For everything that has been documented about Anaïs Nin, the French American writer, it is odd that she is so misunderstood. Her legacy has been reduced to her erotica and sexually explicit writing, her biography flattened to her famous lovers (Henry Miller) and bigamy, as she kept one husband in New York (filmmaker Hugh Parker Guiler) and another in Los Angeles (forest ranger Rupert Pole). Many know about her time in L.A. — where she lived, part-time, during her last 20-some years — through her Silver Lake house designed by Eric Lloyd Wright, grandson of Frank Lloyd Wright.
But even that obscures the other chapters that more fully bring her existence into view. Nin’s life reflected her converging identities: immigrant, mystic, writer deeply invested in the female psyche. And there was another L.A. house, of course, the one she lived in before Silver Lake in the 1950s, located at the foot of Sierra Madre Canyon. This abode is where her spirit lives, as Brazilian artist Amanda Maciel Antunes has come to know. Over the past decade, Maciel Antunes has been having conversations with Nin — the “invisible woman.”
Maciel Antunes traces this cosmic relationship to when she first immigrated from Brazil to the United States at age 20. Speaking little English, she sought affordable, used books to learn the language. The first book she chose was Nin’s “Diary Vol. IV.” When Maciel Antunes was working at an antique shop in Boston, a patron donated his entire collection of Nin’s books. In Los Angeles, the first gallery to offer Maciel Antunes a solo show was named Luna Anaïs, partly after the writer. But Maciel Antunes’ relationship with Nin crystallized on New Year’s Day 2019, when she went looking for a new home with her husband in Sierra Madre Canyon. They saw a sign for rent with a handwritten number; the landlord picked up and showed them a small apartment. Noticing Maciel Antunes’ interest in the cluster of cottages on the property, the landlord offered to show his own place, as he was moving out.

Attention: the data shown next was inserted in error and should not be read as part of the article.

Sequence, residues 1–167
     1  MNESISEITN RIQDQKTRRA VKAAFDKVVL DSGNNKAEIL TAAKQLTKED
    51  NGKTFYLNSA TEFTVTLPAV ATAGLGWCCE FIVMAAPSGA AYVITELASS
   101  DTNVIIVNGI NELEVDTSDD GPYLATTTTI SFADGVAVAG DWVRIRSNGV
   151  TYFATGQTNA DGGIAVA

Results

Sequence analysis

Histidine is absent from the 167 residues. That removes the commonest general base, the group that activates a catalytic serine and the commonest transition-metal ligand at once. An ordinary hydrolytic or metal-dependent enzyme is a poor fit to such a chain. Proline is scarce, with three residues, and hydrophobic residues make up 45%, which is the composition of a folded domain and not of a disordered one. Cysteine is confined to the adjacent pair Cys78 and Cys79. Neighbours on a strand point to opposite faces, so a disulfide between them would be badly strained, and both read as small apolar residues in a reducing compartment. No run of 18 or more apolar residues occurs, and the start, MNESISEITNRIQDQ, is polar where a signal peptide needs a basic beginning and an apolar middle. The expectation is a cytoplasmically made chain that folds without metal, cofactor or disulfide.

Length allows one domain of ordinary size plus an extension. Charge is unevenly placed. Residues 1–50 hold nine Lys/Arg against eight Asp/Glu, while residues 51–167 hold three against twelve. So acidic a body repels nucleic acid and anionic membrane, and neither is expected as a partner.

“I immediately fell in love with the house,” Maciel Antunes wrote in her diary after the fact. “I remember thinking quietly ‘This is perfect’ as we walked through the many doors inside the circular home.”
Soon, they moved in. Curious about the origins of the house, she Googled the address and came across an article about Nin. “I froze and I felt sick,” Maciel Antunes wrote. Nin’s exact address in Sierra Madre, “was also my brand-new address.” Her encounters with Nin no longer felt like mere coincidences. The shift went from “‘I’m a fan” to “I’m in dialogue with this woman.” Nin became “a significant mentor.”
A letter to Anaïs Nin, from “The Trapeze Project.”
(Amanda Maciel Antunes)
Today, Maciel Antunes speaks with Nin through various means: through her art, through letters. Sometimes, while reading Nin, it feels as if the author’s words are responding to Maciel Antunes’ thoughts, almost reading her mind. Sometimes, she will light a candle in the house and share her troubles with Nin.
What follows is a conversation between the two women, cobbled together from stories Maciel Antunes has shared and passages she’s underlined by Nin. “This is about seeing into other realms,” she says, “beyond the reality I can see.”
This conversation has been edited for clarity.
Amanda Maciel Antunes: Moving to a new country, being a woman trying to live as an artist — I didn’t know all those things were possible for me until I read you. It was like you knew you were putting it down for someone else to find it in the future.